A couple of months ago, ThinkAdvisor’s Gil Weinreich posted a story (Advisors: Don’t Sell Your Practice!) about a newly released white paper from CLS Investments in Omaha titled “Reinvent Your Practice: Alternatives to Traditional Succession Planning” (okay, I’m a little behind on my reading).
In it, the third-party money manager—which also offers practice management consulting to its affiliated advisors—suggests that owner-advisors should think twice about “selling” their firms to an outside firm when they reach retirement age.
CLS does a good job of illustrating the current crisis in advisory firm succession. However, in places, the paper seems a bit confused (such as when it mixes an internal succession with an outright sale to a third party), and more importantly, does a poor job of assessing the other options available to owner-advisors approaching retirement. Perhaps that’s not surprising, given that CLS has an obvious conflict of preferring that its client firms don’t fall into the hands of other firms that don’t use its services.
First, the bad news. CLS paints a not very happy picture about the current state of advisor retirement based on a poll of 117 of its client advisors. (Surprisingly, CLS offers no information these “advisors”—such as their ages, proximity to retirement, the size of their firms or source of their firm revenues [AUM or commission], which would allow for a clear analysis of their data and of their valuation methodology. CLS did not respond to our inquiries for more information.)
By way of introduction, CLS cites a Pershing Advisor Solutions/Moss Adams study that shows “only 28.7% of advisors have defined or implemented a succession plan.” It also references a Cerulli Associates survey showing the average age of advisors today is 51 years, with 43.3% of advisors over 55. I think we can all agree that retirement is a looming issue for the advisory industry.
Then, CLS adds its own data, starting with the scope of the retirement “problem.” Some 46.5% of advisors project they’ll need between $1.5 million and $3 million to retire comfortably, and another 14.3% figure they’ll need more than $3 million. Altogether, that’s 60.9% hoping for at least a $1.5 million nest egg.
To date, however, only 30.2% of advisors have funded more than half of their retirement goal—which of course, leaves a whopping 68.8% who have yet to get to the glass-half-full mark (and remember, 43.3% are over 55).
Where do these advisors think the rest of their retirement is going to come from? You guessed it: CLS data shows that some 55% of advisors polled expect to fund at least half of their retirement through the sale of their firms.
By comparing amounts advisors “need” for retirement, with the current state of their savings, CLS concludes: “Thus, over half the industry is banking on the idea that their practices will fetch anywhere from $750,000 to $1 million when they retire.”
Pretty clear so far, right? Unfortunately, here’s where things start to get a little murky.
Possibly in its zeal to turn advisors away from selling their firms to third-parties, CLS paints a dismal picture of such a transaction, without offering any data to support the numbers or methodology it offers. Basing its valuation on “free cash flow,” which is essentially gross profits, and setting multiples ranging “from 2 to 5 times,” the paper concludes that an “advisory practice that has $400,000 in annual revenues…using an optimistic multiple of 5…would be valued at $400,000.”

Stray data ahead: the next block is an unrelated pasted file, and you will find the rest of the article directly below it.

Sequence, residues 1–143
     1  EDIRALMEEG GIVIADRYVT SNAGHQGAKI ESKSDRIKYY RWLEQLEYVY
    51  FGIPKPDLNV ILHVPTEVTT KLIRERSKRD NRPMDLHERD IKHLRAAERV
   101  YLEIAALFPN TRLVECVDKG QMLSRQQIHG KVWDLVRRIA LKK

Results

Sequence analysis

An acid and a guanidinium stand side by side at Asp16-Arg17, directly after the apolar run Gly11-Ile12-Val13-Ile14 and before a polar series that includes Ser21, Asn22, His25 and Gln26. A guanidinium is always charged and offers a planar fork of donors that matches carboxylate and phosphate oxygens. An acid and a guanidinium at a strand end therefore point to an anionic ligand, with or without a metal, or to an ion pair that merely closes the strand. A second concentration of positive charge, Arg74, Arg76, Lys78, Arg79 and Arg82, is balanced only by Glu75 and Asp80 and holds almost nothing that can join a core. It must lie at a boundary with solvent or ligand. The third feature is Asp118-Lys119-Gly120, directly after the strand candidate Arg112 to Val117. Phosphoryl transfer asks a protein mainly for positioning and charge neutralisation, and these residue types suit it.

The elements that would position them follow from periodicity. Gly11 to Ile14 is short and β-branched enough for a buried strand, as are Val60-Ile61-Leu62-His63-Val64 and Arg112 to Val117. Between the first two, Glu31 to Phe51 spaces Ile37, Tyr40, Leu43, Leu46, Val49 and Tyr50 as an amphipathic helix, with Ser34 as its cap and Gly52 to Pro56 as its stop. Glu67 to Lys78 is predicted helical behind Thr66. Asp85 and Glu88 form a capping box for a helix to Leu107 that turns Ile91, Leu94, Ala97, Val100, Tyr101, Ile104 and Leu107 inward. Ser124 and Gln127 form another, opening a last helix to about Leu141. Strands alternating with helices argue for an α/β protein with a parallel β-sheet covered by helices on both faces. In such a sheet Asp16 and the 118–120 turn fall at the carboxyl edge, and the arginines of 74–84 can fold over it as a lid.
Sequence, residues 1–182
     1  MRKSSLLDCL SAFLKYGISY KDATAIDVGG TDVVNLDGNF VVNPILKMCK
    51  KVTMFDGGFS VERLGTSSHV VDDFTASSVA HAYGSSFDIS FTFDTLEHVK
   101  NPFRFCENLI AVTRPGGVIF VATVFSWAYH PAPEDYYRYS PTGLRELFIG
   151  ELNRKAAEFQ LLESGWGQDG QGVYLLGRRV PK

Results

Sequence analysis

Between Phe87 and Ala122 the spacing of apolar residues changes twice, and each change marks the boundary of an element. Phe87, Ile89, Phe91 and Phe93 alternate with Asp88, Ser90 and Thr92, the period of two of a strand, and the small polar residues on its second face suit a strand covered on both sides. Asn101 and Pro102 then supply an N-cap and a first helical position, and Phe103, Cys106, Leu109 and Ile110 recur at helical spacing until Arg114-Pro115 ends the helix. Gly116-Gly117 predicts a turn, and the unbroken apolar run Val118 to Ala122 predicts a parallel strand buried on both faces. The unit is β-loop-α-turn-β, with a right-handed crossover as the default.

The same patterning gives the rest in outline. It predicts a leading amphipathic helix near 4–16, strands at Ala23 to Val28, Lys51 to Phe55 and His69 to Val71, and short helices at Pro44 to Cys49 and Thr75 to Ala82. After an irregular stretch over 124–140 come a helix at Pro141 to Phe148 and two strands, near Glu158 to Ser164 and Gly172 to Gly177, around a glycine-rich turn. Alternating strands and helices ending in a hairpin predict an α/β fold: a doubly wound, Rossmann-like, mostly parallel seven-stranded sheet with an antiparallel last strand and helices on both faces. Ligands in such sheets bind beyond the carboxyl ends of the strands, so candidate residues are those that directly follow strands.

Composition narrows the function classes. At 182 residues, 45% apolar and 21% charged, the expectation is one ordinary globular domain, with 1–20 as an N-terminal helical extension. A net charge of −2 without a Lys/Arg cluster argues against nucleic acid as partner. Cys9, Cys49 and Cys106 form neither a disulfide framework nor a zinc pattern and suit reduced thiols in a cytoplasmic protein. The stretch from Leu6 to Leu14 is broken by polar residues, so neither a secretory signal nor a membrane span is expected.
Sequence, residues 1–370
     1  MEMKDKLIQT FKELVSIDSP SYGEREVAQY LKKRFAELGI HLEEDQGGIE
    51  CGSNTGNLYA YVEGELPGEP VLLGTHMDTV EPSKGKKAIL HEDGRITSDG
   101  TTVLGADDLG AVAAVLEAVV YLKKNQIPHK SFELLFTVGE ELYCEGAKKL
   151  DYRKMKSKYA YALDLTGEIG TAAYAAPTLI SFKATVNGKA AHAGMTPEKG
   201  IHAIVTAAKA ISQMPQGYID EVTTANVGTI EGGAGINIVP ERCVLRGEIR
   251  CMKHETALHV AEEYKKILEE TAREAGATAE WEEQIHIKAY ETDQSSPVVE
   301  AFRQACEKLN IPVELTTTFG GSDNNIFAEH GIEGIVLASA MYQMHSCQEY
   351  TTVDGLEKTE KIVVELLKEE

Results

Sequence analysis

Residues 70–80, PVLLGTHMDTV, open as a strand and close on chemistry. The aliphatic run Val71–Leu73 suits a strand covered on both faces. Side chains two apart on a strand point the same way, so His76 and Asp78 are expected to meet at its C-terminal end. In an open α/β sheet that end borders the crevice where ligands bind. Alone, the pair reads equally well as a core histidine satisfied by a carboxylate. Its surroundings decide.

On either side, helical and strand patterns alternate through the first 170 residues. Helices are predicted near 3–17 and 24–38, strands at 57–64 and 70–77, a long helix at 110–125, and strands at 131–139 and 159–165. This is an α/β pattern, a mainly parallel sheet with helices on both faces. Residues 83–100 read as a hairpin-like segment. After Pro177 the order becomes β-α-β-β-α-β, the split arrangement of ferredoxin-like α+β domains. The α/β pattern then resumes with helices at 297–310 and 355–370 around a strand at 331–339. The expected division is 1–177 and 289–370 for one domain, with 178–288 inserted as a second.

This, of course, is a revenue multiple of one (1). That would be accurate if the firm in question generated only commission revenues. If however, the revenues came from AUM fees, based on industry valuations and our experience, the firm would be worth between $800,000 and $1.2 million, depending on factors like the age and wealth of their clients, their potential for additional assets and the local market prospects of the firm. Even based on CLS’s dismal figures for advisor savings, these valuations will make many retirement plans work.
CLS goes on to offer a number of alternatives to an outright sale: winding down a practice to work longer, merging into a larger firm and transitioning most of the clients, outsourcing “day to day operations by working with a third party money manager” to leverage the owner and cut expenses (I didn’t say anything), or leveraging firm owners with junior advisors.
While all of these are workable, and enable owner-advisors to continue to generate an income stream with less work, they usually involve special situations which are hard to find. In our experience, the hands-down, no-contest, best exit strategy for advisors is an internal succession: selling the firm to junior partners.
As we illustrated in our 2013 white paper, Take 2: The New Direction of Succession Planning, the two keys to successfully transitioning an advisory firm internally are time and growth. By extending a succession over 10 to 14 years, motivated junior partners and owners will accelerate annual firm growth sometimes in double digits: which can pay owners up to 3 times firm revenues (from AUM fees), and allow owner-advisors to keep working as long as they desire.
If you don’t have that kind of time to make a plan work—or viable successors—sell to a third party. Your TAMP can take care of itself.